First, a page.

Beware of Small Parcel Carriers’ Increased Holiday Surcharges
The Surcharge Model
Many small parcel carrier agreements (such as UPS and FedEx) outline Money-back Guarantees/Guaranteed Service Refunds for their ground and air service shipments. These are clauses in contracts that set terms for actualization of delivery dates. For instance, the carrier would agree to refund the cost of shipments that are late by a standard length of time.
While exceptions may apply at any time of year, it is typical for small parcel carriers to write blackout dates into their contractual agreements with marketers for the weeks leading up and following Thanksgiving, Hanukah, and Christmas.
These blackout dates refer to specific times of the year in which they suspend their Money Back Guarantees or Guaranteed Service Refunds.
It is important for marketers to be aware of this when developing seasonal ad campaigns as most ecommerce companies try to push back guaranteed delivery when customers order prior to Thanksgiving/Hanukah/Christmas as close to the holiday as possible. Parcels may not arrive in time if the carriers are overwhelmed by more volume than they can handle. And there is no monetary recourse for the marketer if that should occur.
To better conceptualize how pervasive the issue is, we need only look to Federal Express and the United Parcel Service. Both are household brands in part because of their size and reach. Thus, the argument can be made that these brands rest on an infrastructure capable of handling peak-season volume. Still, in 2017, both entered into shipping agreements that compounded the effects of surcharges when they exempted themselves from delivery date responsibilities on and around holidays.
Fed Ex’s Guarantee Exceptions
- If packages were delivered within 90 days of the promised time on Valentine’s Day, the Friday before Mother’s Day, and the Wednesday before Thanksgiving, claims for a refund would be denied.
- Between 12/18 and 12/23, as long as shipments were delivered by end of a promised day, claims were denied.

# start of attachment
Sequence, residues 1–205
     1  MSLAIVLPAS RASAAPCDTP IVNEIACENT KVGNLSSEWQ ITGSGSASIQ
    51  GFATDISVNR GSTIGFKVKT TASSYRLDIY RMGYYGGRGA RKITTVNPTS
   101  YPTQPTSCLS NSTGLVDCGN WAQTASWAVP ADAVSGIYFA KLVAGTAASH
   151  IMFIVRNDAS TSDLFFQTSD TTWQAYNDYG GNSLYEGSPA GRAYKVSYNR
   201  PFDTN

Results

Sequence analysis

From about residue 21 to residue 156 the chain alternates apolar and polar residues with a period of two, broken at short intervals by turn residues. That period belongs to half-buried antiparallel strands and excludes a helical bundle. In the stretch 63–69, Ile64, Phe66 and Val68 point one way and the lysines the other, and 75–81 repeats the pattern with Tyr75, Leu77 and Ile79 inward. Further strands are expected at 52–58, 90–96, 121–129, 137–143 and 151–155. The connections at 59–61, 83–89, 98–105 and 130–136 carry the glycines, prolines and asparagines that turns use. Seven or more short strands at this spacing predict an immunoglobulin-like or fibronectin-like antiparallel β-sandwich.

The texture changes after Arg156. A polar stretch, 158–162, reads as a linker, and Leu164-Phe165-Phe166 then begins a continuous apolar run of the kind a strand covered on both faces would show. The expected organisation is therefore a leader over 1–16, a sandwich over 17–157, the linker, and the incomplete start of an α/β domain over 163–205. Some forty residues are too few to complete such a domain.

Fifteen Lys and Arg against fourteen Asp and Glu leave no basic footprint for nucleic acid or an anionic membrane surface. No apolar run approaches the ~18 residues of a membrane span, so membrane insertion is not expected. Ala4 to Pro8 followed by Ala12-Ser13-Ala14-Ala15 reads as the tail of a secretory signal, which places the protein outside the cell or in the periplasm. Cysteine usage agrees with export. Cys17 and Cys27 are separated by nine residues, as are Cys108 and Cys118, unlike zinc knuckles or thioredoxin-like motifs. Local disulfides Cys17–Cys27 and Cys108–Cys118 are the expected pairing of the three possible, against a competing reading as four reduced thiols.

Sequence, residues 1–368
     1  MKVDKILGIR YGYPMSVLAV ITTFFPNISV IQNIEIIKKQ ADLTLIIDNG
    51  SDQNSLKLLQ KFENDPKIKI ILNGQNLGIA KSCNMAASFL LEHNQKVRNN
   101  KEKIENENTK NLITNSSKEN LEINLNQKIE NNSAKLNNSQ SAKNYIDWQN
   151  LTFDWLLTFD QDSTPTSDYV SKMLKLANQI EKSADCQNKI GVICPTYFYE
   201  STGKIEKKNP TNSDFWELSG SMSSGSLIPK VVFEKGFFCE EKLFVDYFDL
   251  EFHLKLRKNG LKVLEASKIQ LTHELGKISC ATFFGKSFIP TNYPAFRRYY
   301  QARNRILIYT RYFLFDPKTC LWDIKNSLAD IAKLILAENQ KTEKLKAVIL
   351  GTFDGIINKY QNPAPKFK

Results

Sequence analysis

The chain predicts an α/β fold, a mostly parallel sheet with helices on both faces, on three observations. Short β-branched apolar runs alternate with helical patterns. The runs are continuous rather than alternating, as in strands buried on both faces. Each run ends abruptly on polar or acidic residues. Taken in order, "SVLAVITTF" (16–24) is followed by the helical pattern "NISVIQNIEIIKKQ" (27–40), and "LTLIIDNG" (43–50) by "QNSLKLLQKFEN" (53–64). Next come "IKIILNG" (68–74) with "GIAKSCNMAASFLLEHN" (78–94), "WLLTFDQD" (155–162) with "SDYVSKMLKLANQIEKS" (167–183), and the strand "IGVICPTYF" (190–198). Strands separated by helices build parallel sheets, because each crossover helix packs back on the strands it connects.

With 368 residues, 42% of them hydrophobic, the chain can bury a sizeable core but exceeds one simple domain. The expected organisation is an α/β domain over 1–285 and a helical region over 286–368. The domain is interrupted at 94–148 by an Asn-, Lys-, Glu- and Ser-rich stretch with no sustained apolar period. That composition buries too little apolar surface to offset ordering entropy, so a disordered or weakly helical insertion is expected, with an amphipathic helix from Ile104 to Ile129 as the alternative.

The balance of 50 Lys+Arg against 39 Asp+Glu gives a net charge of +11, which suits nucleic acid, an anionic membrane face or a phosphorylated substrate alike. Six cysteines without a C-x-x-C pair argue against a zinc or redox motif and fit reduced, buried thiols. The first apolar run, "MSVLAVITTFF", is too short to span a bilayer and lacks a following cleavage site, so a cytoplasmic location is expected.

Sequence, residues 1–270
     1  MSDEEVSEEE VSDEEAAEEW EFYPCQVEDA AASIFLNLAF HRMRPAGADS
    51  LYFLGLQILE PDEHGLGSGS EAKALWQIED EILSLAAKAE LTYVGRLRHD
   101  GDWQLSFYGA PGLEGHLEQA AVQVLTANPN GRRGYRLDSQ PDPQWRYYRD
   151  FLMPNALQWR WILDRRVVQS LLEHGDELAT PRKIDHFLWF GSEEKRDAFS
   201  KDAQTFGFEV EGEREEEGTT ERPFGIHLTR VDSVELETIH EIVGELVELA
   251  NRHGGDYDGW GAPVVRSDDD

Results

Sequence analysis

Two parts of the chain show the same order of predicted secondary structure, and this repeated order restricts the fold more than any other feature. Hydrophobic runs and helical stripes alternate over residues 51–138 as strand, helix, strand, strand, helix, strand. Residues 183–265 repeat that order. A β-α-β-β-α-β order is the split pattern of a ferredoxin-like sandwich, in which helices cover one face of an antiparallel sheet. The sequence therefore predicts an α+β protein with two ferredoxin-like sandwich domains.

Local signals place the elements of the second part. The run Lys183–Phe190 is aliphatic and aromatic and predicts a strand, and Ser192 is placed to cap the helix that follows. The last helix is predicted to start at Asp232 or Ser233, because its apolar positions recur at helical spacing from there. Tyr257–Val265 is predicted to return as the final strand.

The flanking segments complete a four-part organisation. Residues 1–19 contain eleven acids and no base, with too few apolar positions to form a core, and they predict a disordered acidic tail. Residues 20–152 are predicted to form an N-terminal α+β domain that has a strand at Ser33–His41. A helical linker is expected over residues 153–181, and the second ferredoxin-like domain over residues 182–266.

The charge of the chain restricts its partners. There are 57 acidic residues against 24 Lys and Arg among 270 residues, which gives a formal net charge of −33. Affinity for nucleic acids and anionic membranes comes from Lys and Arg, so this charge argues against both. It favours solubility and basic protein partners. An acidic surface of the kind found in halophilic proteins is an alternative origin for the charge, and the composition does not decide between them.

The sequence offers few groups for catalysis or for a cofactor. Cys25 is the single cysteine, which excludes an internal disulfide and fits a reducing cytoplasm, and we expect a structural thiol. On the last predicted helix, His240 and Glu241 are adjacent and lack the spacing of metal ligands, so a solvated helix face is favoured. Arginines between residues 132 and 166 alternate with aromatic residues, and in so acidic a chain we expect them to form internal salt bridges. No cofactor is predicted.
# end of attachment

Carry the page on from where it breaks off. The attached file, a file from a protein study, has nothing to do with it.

- Money Back Guarantees were suspended completely for ground shipments between Thanksgiving and Christmas.
UPS Guarantee Exceptions
- Suspended all Money Back Guarantee for ground shipments between Thanksgiving and Christmas
- On the Wednesday before Thanksgiving and throughout the week before Christmas, UPS extended its guaranteed delivery time to 90 minutes for Next Day Air Early and Worldwide Express Plus service.
- For all domestic and international air services, delivery times were pushed to end of promised day.
Doubling Down on Holiday Profits
Let’s not forget, waivers like those listed above run parallel to surcharges already in place. FedEx bumps additional handling by $3 (25%) during peak season, a number that is further inflated for oversized and unauthorized packages.
At the end of the day, marketers must acknowledge and accept the imperfection of shipping around peak seasons. However, they should not settle for carriers that exploit these inevitable mistakes or late deliveries.
It is important to remember that UPS and FedEx are publicly traded. They are in the business of driving up their share price and peak seasons provide a unique opportunity for increased earnings.
So what can you do as a marketer? Defend your brand by doing your due diligence. Here are some steps you can take in your relations with small parcel carriers:
Do your homework!
This means reading the fine print on your contracts and comparing terms with those of privately owned and operated shipping carriers. Having this knowledge and context will allow you to lay out clear expectations for your carrier on how your product should be handled. You will also have more leverage to hold carriers accountable for Money Back Guarantees and refund promises during the entire year to offset blackout dates if you are well versed in all the fine print of the contract.
Expand the period that you provide holiday specials.
The further in advance of the holiday that the item can be ordered, fulfilled, and delivered, the more time the entire supply chain has to accomplish that goal. The marketer’s costs will be lower, there will be less chance of errors, and less likelihood that a customer’s order arrives past the holiday. Missing the holiday is the scenario that you want to avoid at all costs. If a marketer sells their targeted amount of sales for the season, it does not matter whether they were sold over 3 months (Q4) or within the 4 weeks between Black Friday and Christmas. It’s the same dollars. As ecommerce sales continue to grow, this mindset is paramount.